October 13, 2021
This time last year I thought we’d be done with Covid-19 by now, shaking off the worst of it. I was looking forward to flying again around the world as countries recovered from the pandemic. Sixty-one years after my first flight and millions upon millions of miles in the air later, I like to believe myself a canny prognosticator of the ups and downs on flying.
But I crashed and burned on predicting today’s air travel realities. The pandemic persists, and I’m as exhausted as anyone after hunkering down for 18 months (and counting) of what feels like “house arrest” and damnable Zoom meetings. Nonetheless, I am vaccinated—including the third booster—so I started flying again. Trouble is, so did everyone else at the same time.
Too bad for me that airline execs were caught their pants down. The gods of air carrier board rooms clearly were not prepared for robust demand striking up against severely downsized fleets and workforces like a freight train (to mix my metaphors). Pick your reasons for why: can’t get planes in the air fast enough; reasonable, though unintentionally divisive, vaccination mandates; employees scared of getting sick from Covid; furloughed staff unwilling to return for the same crummy wages and even worse working conditions. All and more are probably contributory, yet no one cause is determinative. At the same time, airline management folks are paid well to make smart, nimble decisions, and they failed us. Anyway, knowing why doesn’t make it better: Flying in late 2021 sucks.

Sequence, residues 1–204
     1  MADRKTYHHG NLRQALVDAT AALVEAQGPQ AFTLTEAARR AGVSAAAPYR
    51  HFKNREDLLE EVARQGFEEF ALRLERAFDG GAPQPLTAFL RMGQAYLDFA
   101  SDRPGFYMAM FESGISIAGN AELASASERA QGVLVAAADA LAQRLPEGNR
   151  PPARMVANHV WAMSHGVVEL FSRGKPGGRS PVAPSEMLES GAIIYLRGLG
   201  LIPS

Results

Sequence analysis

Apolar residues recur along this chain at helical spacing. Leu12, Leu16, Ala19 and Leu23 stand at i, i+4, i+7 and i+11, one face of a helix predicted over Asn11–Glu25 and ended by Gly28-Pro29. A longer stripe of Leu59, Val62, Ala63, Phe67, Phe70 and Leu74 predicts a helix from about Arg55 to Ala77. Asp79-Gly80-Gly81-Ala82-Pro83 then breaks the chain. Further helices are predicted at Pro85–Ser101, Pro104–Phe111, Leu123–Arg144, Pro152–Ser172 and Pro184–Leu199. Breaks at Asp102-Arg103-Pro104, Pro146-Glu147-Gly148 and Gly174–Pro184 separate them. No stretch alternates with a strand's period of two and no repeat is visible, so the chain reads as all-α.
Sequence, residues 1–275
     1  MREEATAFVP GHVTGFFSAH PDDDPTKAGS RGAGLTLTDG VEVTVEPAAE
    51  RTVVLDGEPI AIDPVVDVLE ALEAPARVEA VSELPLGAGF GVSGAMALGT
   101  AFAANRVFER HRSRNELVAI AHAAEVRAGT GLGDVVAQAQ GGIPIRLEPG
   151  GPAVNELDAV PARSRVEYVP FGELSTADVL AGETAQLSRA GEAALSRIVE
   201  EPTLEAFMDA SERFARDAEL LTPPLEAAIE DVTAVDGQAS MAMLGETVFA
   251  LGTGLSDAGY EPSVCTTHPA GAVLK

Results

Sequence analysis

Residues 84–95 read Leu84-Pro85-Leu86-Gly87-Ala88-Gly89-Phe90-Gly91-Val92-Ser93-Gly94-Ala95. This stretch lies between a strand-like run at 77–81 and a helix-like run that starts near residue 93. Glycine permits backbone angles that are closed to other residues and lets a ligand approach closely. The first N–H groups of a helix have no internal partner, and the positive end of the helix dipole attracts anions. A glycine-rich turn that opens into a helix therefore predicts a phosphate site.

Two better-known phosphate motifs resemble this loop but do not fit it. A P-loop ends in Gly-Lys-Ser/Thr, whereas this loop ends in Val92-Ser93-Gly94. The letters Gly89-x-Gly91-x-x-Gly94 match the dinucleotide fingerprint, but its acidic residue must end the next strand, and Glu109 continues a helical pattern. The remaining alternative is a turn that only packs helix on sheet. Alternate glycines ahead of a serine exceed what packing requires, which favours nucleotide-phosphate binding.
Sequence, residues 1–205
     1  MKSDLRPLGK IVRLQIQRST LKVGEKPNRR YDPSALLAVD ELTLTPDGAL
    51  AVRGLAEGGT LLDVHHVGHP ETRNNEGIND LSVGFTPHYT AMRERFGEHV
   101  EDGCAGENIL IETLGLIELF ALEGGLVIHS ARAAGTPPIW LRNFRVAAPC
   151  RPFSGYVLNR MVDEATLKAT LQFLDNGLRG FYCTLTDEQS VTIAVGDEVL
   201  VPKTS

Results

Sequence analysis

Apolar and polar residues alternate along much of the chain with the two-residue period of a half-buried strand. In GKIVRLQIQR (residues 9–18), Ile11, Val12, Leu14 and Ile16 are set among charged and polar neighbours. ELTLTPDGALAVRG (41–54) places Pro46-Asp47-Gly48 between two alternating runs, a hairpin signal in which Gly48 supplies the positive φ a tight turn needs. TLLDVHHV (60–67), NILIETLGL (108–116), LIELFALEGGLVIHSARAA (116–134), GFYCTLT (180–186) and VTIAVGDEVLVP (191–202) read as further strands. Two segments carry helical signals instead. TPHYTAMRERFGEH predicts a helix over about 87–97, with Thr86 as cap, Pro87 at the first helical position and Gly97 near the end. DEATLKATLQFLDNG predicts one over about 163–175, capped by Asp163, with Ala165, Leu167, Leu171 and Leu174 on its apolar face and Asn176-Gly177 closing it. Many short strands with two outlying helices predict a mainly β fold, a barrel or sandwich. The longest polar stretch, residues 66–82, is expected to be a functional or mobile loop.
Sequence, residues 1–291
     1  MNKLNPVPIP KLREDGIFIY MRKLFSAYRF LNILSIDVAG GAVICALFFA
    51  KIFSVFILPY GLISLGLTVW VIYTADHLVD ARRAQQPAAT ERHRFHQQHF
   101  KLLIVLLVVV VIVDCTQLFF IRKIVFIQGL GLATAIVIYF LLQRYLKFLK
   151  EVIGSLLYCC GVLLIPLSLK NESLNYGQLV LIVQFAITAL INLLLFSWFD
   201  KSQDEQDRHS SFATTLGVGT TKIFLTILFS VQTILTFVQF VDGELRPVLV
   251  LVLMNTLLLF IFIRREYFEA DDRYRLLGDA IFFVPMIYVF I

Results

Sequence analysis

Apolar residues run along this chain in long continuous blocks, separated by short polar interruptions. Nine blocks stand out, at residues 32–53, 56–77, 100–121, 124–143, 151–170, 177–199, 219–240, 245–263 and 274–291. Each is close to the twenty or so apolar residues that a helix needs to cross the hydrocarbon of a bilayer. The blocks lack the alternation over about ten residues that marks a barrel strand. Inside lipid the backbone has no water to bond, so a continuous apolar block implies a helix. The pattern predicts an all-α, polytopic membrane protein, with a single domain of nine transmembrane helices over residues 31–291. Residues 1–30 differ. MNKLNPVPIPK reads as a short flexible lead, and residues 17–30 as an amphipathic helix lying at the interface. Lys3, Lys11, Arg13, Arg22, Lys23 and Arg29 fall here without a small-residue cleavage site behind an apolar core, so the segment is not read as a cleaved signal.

How so? Well, Southwest canceled thousands of flights last weekend and whined that the FAA did it (ATC problems) even though no other airline, governed by the same air traffic controllers, reported disruptions on that scale.
Southwest’s meltdown only partly explains scenes like this photo at Denver over the Columbus Day weekend, taken by a friend who was there:
And that wasn’t even the worst moment. Later, travelers were backed up the stairs to queue on the mezzanine in the background. You’d never guess we were still wallowing in a pandemic drawn out by politicizing medical science.
My own flying experiences of late echo such national news reports. Not one of the four Delta flights I flew recently was tolerable, let alone pleasant. “Relaxing” was a pipedream. Every flight was oversold with zero empty seats. My family flew to the Midwest to attend my wife’s dad’s funeral and paid over $2,000 for four tickets in coach. Not to mention nearly $400 for a midsize rental car for 3 days.
The best I can say about Delta is that the end-to-end experience was not as bad as United or American. Thank goodness that my American Express Platinum Card, which each member of my family carries, allows entry to Delta SkyClubs when flying on Delta tickets. The SkyClubs were welcome havens between sardine can flights.
The gates weren’t even too bad since Delta has cracked the secrets of less-stressful boarding. But the entire flying parts of the experience were uncomfortable and horribly cramped, made worse by the pervasive existential worry of getting Covid-19 and the 2021 habit of window-seat holders keeping the shades drawn gate-to-gate—a trend I ascribe to smartphone addiction nowadays. Wearing masks airport-to-airport is an added wrinkle of chronic discomfort and oddly disconcerting, too.
Over the years I’ve been writing this blog I have often railed against bad service aboard airplanes. It’s disheartening that flying is not qualitatively better as we tick off the years of the third decade of the 21st century. How about just a little relief from pain?